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More Faculty firing: Bowdoin College is under fire for allegations of impinging on Goldstein’s free speech–Can anyone say Stillman College fuck-ups?

April 12, 2009
Bowdoin College
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In yet another discussion of what faculty can and can’t say, and I am most likely offending censors by using the word fuck, Bowdoin College is disciplining a professor for handing out materials during a student recruitment session, on the unsupportable grounds of “interfering with…jobs,” and it’s no wonder that Bowdoin College finds themselves in headlines with this one:

Bowdoin officials offer a somewhat different version of that day’s events. On the walk over to the student union, says Hood, vice president for communications and public affairs, Goldstein spoke to students and families even as a student tour guide encouraged them to ignore him, “inappropriately interfering with college empoyees who are trying to do their jobs.”

Can you guess why the other profs are nervous?  Apparently if you dissuaded someone from attending this program or college, as a professor, you can be fired?  That’s some scary stuff there.  What about mentioning that another school might have a better program that fits a current student’s needs?  Is that a firing offense?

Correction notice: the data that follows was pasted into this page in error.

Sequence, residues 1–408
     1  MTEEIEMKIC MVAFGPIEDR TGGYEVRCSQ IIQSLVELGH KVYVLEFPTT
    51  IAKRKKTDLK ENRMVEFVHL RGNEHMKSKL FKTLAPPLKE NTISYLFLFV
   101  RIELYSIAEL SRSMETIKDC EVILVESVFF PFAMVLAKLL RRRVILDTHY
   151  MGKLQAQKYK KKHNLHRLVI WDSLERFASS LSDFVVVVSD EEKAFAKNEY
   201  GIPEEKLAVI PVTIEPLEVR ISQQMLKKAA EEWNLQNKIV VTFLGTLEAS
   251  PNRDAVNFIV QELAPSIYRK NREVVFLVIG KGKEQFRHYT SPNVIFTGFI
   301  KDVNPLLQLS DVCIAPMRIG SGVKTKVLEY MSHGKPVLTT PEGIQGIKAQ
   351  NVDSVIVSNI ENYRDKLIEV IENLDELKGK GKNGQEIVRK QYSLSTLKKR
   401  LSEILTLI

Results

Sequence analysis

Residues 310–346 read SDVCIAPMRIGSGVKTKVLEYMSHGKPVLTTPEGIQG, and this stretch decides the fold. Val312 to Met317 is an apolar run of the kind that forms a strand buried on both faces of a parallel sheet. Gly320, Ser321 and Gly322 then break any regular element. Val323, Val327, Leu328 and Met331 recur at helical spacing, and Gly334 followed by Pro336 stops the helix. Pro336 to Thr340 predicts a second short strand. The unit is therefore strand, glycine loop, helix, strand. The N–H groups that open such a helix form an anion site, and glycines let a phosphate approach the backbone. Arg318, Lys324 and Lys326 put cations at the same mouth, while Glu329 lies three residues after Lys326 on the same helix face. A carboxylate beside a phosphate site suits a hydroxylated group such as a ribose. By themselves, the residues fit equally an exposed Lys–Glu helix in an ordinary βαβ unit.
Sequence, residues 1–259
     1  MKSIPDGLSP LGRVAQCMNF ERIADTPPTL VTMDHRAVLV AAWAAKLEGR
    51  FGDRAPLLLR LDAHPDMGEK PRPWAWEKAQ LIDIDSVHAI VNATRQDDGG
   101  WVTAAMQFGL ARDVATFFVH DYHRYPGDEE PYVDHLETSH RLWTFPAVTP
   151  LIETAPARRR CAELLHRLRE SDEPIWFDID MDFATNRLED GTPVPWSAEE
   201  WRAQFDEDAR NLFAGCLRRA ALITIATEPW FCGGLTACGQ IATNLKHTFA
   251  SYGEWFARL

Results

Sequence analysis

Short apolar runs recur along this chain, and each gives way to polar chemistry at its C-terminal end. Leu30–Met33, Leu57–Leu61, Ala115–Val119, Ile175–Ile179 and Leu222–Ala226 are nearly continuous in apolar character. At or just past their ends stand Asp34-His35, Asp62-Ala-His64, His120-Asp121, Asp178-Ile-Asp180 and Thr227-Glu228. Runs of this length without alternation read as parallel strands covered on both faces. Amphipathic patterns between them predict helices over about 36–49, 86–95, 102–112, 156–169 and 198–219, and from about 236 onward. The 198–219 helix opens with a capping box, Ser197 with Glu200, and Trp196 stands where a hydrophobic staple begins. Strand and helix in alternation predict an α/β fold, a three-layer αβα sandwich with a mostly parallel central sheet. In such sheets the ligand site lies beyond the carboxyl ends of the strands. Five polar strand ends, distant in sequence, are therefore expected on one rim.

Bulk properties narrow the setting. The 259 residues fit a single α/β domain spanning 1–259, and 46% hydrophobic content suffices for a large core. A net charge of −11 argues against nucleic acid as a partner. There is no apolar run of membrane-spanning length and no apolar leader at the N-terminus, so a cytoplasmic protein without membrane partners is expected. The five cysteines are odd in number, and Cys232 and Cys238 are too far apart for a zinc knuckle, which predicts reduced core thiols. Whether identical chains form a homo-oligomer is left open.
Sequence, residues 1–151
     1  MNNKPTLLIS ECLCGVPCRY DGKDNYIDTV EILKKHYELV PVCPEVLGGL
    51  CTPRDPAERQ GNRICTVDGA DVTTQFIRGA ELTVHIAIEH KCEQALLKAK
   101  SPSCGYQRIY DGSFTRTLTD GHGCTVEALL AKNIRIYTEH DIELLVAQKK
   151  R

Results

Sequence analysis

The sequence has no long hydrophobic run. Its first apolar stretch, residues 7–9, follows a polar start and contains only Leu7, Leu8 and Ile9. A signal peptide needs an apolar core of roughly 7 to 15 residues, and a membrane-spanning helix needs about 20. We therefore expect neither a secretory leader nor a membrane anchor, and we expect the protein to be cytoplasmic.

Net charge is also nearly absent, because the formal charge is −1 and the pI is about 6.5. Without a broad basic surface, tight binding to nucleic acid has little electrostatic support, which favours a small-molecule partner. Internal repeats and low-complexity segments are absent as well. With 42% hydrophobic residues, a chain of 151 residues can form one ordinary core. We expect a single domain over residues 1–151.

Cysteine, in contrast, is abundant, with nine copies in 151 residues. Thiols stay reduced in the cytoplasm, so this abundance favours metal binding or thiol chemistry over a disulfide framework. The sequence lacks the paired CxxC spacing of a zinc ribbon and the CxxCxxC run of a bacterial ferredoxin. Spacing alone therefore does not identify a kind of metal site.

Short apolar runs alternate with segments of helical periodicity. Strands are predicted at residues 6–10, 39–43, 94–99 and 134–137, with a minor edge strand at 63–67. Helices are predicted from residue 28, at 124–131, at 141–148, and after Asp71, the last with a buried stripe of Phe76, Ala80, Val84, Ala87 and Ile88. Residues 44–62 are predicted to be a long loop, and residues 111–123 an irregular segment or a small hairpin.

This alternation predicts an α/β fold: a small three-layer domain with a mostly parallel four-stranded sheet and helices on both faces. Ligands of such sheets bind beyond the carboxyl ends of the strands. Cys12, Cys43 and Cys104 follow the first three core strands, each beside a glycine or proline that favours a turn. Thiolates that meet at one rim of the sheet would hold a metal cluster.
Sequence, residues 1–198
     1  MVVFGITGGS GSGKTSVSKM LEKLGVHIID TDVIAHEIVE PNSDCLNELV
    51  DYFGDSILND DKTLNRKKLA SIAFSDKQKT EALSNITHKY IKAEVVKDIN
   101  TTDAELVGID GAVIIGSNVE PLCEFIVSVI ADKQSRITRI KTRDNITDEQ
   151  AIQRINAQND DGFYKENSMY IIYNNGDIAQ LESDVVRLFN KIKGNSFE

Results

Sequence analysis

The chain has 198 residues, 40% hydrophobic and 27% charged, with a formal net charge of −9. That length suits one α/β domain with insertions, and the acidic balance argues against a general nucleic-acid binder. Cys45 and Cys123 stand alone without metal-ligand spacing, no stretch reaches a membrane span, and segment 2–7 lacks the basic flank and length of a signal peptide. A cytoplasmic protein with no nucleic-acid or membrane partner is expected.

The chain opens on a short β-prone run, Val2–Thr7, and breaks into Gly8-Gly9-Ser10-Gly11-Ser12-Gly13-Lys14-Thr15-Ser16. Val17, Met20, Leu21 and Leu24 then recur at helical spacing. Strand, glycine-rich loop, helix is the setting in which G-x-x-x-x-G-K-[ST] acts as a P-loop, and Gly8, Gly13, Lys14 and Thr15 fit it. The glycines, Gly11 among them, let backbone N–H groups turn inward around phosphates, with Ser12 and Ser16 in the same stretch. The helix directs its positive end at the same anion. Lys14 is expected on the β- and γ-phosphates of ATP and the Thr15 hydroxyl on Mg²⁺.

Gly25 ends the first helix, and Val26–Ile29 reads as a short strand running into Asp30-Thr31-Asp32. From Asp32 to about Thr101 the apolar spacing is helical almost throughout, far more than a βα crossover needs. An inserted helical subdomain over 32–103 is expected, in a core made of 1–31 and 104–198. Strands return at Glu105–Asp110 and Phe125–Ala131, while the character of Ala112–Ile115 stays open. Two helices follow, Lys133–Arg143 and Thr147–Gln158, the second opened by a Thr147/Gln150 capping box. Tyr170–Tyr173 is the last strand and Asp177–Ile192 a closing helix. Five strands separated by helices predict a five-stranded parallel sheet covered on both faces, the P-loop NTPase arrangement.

Idiot Hood, who is VP of communications and public affairs, for reasons unfathomable after the next comment, said that the professor just didn’t say things at the right time, not that they are constraining the prof’s speech:

The bottom line, Hood says, is that Goldstein behaved “in a very disruptive manner,” and the college’s problem is not with the nature of the ideas he sought to raise, but that he did so in a “time and place that was simply inappropriate.”

Funny how they use that, isn’t it?  These things are said at the wrong time?  Strange, isn’t it?  Is Bowdoin, and Idiot Hood by extension, saying that their professors can only talk in the classroom?  Are they only allowed to talk in their books and articles?  No professor can have a soapbox?  Why not?  I was approached all the time by people on campus for one reason or another, but because it’s as prof, then something is wrong, especially if it’s counter-culture?  Bowdoin, you guys are in trouble.  Idiot Hood isn’t helping, but then again, who are all these administrators out to help?

Apparently, you, as a professor can be harassed for not being nice and kissing ass (Judd is an administrator):

Over the next two months, charges came and went. On October 17, Judd wrote to tell Goldstein that Spoerri had concluded that, while he had failed to treat colleagues with respect and proper protocol, the professor had not harassed anyone. (The dean’s letter cites what she calls a “pattern” of dealings with colleagues — notably Goldstein’s telling her to “get lost” — that “disregards the basic standards of civility,” and requires him to complete and pass an online harassment prevention course within two weeks. It also suggests anger management courses.)